Grapperhaus does not want to say what he thinks of the way in which the Public Prosecution Service (OM) acted in 2008. “I am not making statements about a current case.” The interview report from which the disguised extradition is apparent was a reason for him to inform the Lower House immediately. “Because it is a new piece, I have also had contact with Poch to talk to each other and we will do that too.”
The minister does not want to say whether compensation for damages resulting from the unveiling is appropriate and how high it should be. “We are going to discuss where we are, you owe it to everyone in such a situation.”
Covert hare path through Spain
This week it was announced that the Public Prosecution Service proposed to have Poch arrested in “a third country” because the Netherlands itself had no extradition treaty with Argentina. Poch prosecuted that country for carrying out ‘flights of death’, as a result of which the former pilot ended up in prison for eight years. These were flights where opponents of the regime were thrown out of planes. He was acquitted after a lengthy trial in December 2017. The State denied having anything to do with Poch’s arrest in Spain for years, and his extradition to Argentina.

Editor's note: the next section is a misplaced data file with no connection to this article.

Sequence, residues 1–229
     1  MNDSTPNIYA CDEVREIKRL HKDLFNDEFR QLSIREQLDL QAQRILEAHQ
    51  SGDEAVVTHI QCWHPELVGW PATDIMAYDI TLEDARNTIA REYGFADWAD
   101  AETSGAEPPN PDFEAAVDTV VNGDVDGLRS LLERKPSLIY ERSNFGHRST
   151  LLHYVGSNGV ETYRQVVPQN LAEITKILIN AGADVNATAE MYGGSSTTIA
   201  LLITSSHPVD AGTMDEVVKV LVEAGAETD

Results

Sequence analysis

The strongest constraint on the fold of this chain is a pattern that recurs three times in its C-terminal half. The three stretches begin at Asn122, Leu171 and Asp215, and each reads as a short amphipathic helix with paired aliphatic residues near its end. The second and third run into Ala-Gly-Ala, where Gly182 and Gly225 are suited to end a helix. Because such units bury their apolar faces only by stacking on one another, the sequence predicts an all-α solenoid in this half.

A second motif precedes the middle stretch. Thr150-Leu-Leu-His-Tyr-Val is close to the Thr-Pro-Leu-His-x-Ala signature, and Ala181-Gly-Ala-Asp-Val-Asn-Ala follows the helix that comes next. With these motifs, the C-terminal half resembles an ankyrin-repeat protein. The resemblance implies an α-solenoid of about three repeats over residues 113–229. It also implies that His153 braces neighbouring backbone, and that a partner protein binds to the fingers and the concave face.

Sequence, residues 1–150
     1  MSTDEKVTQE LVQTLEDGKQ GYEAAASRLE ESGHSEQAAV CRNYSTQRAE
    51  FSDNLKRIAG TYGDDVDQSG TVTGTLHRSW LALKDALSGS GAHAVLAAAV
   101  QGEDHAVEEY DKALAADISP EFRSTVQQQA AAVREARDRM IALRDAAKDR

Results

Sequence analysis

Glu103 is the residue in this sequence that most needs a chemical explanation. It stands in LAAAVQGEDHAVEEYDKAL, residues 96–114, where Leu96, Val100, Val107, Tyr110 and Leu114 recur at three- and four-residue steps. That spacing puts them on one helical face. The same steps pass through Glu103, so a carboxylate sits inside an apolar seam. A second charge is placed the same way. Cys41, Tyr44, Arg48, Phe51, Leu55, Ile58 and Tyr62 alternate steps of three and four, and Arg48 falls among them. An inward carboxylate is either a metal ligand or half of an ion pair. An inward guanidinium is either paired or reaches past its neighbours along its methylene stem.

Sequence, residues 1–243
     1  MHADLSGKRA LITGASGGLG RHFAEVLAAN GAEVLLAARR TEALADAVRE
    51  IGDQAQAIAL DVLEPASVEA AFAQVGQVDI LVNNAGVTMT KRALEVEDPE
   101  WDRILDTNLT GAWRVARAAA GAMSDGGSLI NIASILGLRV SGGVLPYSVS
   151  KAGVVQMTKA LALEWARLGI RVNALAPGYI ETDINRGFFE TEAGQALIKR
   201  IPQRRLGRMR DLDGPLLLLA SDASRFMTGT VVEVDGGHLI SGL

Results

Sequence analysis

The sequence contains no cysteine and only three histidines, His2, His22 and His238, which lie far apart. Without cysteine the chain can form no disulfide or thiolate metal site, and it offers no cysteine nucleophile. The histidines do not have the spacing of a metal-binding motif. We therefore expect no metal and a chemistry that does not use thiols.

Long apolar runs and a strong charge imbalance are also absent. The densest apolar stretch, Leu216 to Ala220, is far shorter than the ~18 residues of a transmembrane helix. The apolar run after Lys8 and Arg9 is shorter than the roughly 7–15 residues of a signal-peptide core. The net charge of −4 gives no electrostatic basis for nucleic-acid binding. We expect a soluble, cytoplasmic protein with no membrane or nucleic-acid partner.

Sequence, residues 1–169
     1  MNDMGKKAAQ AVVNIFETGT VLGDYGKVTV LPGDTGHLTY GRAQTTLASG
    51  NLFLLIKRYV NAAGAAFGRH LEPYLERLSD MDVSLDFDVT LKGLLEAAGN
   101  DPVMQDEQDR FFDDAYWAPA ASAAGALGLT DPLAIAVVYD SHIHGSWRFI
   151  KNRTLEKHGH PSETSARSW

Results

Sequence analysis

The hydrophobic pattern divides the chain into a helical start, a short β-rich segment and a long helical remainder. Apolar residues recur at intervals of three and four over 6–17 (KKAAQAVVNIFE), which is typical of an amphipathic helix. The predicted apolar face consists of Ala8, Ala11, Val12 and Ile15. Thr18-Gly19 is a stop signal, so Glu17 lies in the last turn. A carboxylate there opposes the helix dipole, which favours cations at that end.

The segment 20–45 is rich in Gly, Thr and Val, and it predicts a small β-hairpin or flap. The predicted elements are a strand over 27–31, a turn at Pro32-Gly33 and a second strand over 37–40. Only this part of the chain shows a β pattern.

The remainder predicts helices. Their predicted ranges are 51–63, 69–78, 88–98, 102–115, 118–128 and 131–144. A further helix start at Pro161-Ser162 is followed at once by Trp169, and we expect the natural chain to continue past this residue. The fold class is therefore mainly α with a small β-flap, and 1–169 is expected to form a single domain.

Now it appears from a document that Minister Grapperhaus sent to the Chamber that the State was in fact responsible for the disguised extradition of the pilot to the country with which the Netherlands itself had no extradition treaty. A representative of the OM suggested that Poch should be arrested in another country. According to his lawyer Geert-Jan Knoops, it would be a good idea for the minister to give Poch, who is almost 70, “a few good years by agreeing a compensation arrangement with him.”
Initiative came from State
Attorneys Geert-Jan and Carry Knoops had been convinced for years, but the State denied any involvement. Also during witness hearings at the court in Rotterdam with which Poch hopes to substantiate his claim of 5 million euros, it was repeatedly repeated: the State was only indirectly involved in the Poch case.
It must have crackled in the department when Minister Grapperhaus only heard from his officials on 31 January that things were different: that the State was not only very involved, but even took the initiative. “This shows that we have always been right and that the Netherlands bears the greatest responsibility for the drama,” says lawyer Knoops.